NEARLY A month after Gov. Chris Christie vetoed most of a financial-aid package for Atlantic City, there is still no agreement on how to stabilize the struggling seaside gambling resort, which continues to suffer from the shrinking of its casino market.
On Nov. 9, Christie vetoed most of a package of bills aimed at helping Atlantic City and its casino industry, and proposed that the state hold millions in aid hostage until after the city passes a fiscal recovery plan.
The key bill would have let the eight casinos make payments in lieu of taxes for 15 years, allowing them to know exactly how much they owe instead of facing huge potential increases each year. Instead, Christie would have $30 million in aid go to the state in each of tax years 2015 and 2016 that would only be released after Atlantic City approves a plan to fix its financial situation.
Despite a joint promise by Christie, a Republican presidential candidate, and state Senate President Steve Sweeney to sit down immediately to work out a way forward, a deal has yet to be reached. Atlantic City Mayor Don Guardian said he expects the state Legislature by early next month to enact the changes Christie called for in his conditional veto.
"He [Christie] wants to make sure once we see tens of millions of dollars, we don't do anything foolish, like stop cutting our budget," said Guardian, who like Christie is a Republican.
A state-appointed emergency manager is due to issue a second report soon with recommendations for further austerity measures for Atlantic City.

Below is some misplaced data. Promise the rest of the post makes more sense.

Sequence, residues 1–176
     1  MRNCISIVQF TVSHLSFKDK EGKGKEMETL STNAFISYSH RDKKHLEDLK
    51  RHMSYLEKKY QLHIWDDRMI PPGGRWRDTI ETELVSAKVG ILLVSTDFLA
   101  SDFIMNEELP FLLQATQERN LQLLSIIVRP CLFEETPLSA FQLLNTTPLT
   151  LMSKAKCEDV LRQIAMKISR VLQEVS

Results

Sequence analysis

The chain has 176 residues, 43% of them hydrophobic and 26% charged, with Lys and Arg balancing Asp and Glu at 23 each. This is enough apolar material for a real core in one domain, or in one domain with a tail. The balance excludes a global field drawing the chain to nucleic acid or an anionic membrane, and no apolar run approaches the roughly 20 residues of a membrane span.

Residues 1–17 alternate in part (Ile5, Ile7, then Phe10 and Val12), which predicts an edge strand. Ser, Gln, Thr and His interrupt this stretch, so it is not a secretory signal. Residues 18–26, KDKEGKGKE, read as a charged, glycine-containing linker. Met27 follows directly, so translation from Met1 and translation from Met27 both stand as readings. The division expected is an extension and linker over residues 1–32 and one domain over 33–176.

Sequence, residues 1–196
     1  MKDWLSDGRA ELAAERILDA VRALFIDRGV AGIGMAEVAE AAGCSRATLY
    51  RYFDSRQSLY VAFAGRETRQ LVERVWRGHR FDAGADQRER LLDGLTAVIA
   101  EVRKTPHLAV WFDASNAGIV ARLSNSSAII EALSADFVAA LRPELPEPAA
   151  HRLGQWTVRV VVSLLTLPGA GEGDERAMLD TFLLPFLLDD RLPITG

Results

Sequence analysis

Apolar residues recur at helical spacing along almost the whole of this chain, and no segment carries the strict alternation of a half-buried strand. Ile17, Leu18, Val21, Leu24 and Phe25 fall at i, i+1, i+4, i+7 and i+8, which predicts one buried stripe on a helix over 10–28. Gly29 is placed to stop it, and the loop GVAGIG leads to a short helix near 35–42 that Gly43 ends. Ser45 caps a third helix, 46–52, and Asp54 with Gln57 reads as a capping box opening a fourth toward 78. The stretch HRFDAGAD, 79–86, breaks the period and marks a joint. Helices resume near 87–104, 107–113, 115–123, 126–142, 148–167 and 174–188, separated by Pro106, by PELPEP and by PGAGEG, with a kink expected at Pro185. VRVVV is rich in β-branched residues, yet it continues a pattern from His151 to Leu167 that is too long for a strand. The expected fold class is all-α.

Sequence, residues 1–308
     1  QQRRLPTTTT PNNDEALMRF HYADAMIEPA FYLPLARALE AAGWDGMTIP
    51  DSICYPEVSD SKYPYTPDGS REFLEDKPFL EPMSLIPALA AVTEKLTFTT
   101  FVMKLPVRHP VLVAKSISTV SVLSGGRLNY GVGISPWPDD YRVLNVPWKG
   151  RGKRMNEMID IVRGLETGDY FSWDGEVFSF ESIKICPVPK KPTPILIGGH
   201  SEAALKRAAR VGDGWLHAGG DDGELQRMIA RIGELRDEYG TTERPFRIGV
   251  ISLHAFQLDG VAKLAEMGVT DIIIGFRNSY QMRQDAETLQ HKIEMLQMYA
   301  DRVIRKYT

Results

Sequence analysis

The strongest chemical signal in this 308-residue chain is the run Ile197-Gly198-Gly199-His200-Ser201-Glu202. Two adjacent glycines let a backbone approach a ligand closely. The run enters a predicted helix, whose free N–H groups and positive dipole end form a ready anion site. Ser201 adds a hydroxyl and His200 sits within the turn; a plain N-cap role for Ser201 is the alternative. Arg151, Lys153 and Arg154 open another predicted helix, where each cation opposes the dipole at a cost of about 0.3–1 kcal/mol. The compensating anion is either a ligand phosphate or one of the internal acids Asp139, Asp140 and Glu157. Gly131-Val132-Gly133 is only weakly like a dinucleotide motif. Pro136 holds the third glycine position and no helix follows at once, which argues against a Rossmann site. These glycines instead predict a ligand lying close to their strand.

Guardian said the city has already cut $25 million from its budget this year and got a grant to pay $21.5 million toward the cost of firefighter salaries the city otherwise would have had to pay.
Sweeney said he met once with Christie about the legislation, but no agreement was reached. Christie's office did not respond to a request for comment. Sweeney said both men agree Atlantic City simply spends too much for its size.
"You have a city, I think their budget's $262 million for 40,000 people," Sweeney said. "Compare that to other communities with 40,000 people. I talked to a mayor in Middlesex that had 60,000 people and his budget was $53 million. Atlantic City has significant work to do governmentally because it just costs too much. It's just way too much money right now."
The demise of the payment in lieu of taxes (PILOT) bill took away a potential solution for Atlantic City's chronically troubled finances. Casino taxes account for half the city's budget. With four of its 12 casinos having closed in 2014, Atlantic City has fewer casinos to shoulder the property-tax burden, and it raised taxes by 32 percent in 2014.
And for years, the casinos have successfully appealed their property tax assessments, having little trouble convincing a tax board that they are worth less in a $2.7 billion market now than they were in a $5.2 billion market in 2006. The PILOT bill would have prohibited the casinos from appealing their assessments for 15 years.
But Moody's Investors Service recently warned that the PILOT bill alone wouldn't be enough; the agency said Atlantic City faces a $34 million budget shortfall in 2017 when temporary aid ends.